I love blogging. It’s a world unto itself. Sites reflecting people’s personalities, their lives, the ebbs and flows of their writing muscle (or photo posting muscle – I do love photo blogs), the business of their lives.
Social media is not like that. Well, some are and some aren’t.
I was reading this post by Ally Bean over on her website where she asked and answered the question – What is Threads (the Facebook-owned twitter clone)? It’s a conundrum, she says. It’s got so many users and yet not enough interaction. Threads calls itself a social network, yet everything is algorithm-led, so you can’t really do your own discovery. And, as Ally puts it –
The thing about Threads is there is no center to it to draw people to a communal “What’s Happening” section or a Writing Prompt or a Weekly Topical Challenge. It’s all random all the time.Ally Bean writing on thespectacledbean.com
My take on this is that there are two types of social media services and mirroring them, two types of social media users. There are the public-first services and the private-first services. There are always exceptions to the rule too.
Public-first services basically take their cue from forums – there’s less or no focus on private messaging. It’s all meant to be open. Whether they’re link aggregators like reddit, or stream of posts sites like twitter, the main goal is that whatever you do on the site is public. Your likes, comments, shares, posts are all visible to everyone. Over time, through user feedback, these services do introduce private accounts, private communities, private messaging. But they pull these features back as quickly as they create them. The intrinsic value they create for their ad-supported profit hungry shareholders is in people doing things publicly.
Private-first services take their cue from email – the first focus is on private communication, which is thoroughly monitored for profiling, again for ad-dollars. Of course, there’s a massive public component of these sites too, including public groups and communities, public profiles, etc. But these are focused mainly on creating starlets with the aim of using these to drive traffic to the site till either the starlets crash and burn, or the algorithm changes and the starlets are left in the lurch. This behavior is similar to that of the music industry, which would assiduously create the persona of a pop singer, only to push them towards drugs and then tear them down as “bad influences”. Rinse and repeat. Facebook and Instagram are examples here. It’s sad that the two main examples I have are both owned by the same company. Snapchat is a competitor service too, but I don’t talk about it because I’m not on it. No network effects for me there. (I’m not on Threads either, but Ally is, and this post is wholly based on her experience and her blogpost. Quick! Someone write a critique of Snapchat!)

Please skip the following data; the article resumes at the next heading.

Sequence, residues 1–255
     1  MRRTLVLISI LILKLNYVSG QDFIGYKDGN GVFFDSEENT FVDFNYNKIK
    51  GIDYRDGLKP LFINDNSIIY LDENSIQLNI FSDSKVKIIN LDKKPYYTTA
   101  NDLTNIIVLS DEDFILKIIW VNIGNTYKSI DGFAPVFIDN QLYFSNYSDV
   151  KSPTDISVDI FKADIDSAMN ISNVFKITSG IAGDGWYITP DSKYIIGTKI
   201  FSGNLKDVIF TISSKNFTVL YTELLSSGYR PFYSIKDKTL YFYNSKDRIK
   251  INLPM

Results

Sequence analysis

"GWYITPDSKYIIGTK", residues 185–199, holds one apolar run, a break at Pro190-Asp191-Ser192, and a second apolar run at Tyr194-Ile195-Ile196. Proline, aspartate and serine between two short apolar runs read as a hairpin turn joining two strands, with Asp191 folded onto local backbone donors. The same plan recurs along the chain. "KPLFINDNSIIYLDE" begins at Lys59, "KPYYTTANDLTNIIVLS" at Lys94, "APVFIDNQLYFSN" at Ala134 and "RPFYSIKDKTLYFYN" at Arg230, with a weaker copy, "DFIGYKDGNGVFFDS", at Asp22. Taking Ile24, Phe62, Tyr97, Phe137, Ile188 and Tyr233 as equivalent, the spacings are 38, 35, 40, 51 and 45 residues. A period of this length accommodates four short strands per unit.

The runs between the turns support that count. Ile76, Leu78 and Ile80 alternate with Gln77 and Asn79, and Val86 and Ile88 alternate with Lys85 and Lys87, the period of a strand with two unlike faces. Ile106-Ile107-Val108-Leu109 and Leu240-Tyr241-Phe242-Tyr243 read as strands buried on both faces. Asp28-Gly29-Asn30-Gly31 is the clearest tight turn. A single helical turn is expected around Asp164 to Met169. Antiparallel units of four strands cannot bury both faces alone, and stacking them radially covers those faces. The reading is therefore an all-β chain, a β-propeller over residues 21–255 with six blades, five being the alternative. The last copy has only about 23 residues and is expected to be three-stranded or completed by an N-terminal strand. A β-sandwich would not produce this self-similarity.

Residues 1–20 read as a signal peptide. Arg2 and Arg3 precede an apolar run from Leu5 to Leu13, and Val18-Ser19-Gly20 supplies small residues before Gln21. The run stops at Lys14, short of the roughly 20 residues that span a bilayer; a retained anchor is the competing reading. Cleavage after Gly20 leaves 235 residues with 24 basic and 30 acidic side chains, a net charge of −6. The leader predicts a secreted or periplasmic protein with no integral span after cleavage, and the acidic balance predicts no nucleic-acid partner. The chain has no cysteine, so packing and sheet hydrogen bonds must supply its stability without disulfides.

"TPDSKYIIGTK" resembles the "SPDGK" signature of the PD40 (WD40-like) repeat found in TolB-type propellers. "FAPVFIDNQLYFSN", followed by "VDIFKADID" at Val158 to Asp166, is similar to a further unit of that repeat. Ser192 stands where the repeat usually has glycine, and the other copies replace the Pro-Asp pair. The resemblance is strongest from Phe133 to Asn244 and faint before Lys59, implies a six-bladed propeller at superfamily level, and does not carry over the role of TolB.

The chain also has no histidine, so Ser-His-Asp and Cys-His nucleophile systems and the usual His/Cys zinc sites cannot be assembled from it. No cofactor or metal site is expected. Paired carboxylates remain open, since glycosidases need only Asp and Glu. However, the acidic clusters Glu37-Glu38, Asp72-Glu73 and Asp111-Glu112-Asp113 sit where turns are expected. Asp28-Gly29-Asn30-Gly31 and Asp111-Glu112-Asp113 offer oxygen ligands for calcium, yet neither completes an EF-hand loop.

The fact is that I’m ignoring two behemoths here – TikTok and YouTube. But are they social media services? No. They’re Media Consumption services. The Social aspect of these services is purely incidental and meant only as a growth vehicle. If tomorrow they are free of the constant user growth requirement, they’ll gladly rip out all of the social aspects of their apps and sites and happily serve their existing users all the content they can shove down their throats.
Within the private-first but public-stream services, the trend is algorithmic feeds. This is a little unfair, because this push into algo-based feeds is by one company – Meta. Their unbenevolent dictator believes that everything becomes better when decided by an algorithm. So that’s what he’s pushing across every one of his properties. But you can’t talk about any other service doing better when there’s one monopoly and the others are fledglings.
That brings us back to Threads. Facebook and Instagram already lean heavily on algorithms for their home feeds. You’re not allowed to see what you want to. You’re forced to see what the algo decides will create more engagement.
But what does this lead to? Silence. Almost everyone I know who is active on Instagram no longer uses their home feed. It’s the list of folks you’ve subscribed to, yes. But never shown in the manner you want to, so might as well use the Explore feed to browse and the private messages to chat with friends about the latest news/memes/gossip (that’s why Instagram uses your private messages to create your profile too). Also, Silence in that, those who I’ve talked to about this no longer comment or hit like on instagram posts. Comments on public pages almost always lead to harassment and unnecessary visibility. Likes are exclusively used by the algo to make your feeds progressively worse by trying to push the same content at you over and over. So why hit like? Incidentally, this is why TikTok prefers to use “seconds watched” as the metric for whether the person was engaged rather than Likes.
Ally complains that it feels rude when people do not interact with her comments on Threads – forget replying, they don’t even hit Like. I argue that this is because the users on Threads are a reflection of the social media service they’re coming from. Almost all the users of Threads have come over from Instagram. They’ve been trained not to interact with content, as that’ll either train the algo or cause unnecessary headache. They’re not rude, they’re simply a reflection of Facebook’s vision of “users”.
Threads isn’t doomed to fail. It can recover and it’ll definitely keep trudging along as long as Meta is willing to lose money on it. Once they decide it’s not the next billion dollar idea though, they’re sunset it post haste. Looking forward to it. Till then, Ally’s words about Threads ring true –
it just kind of bores me.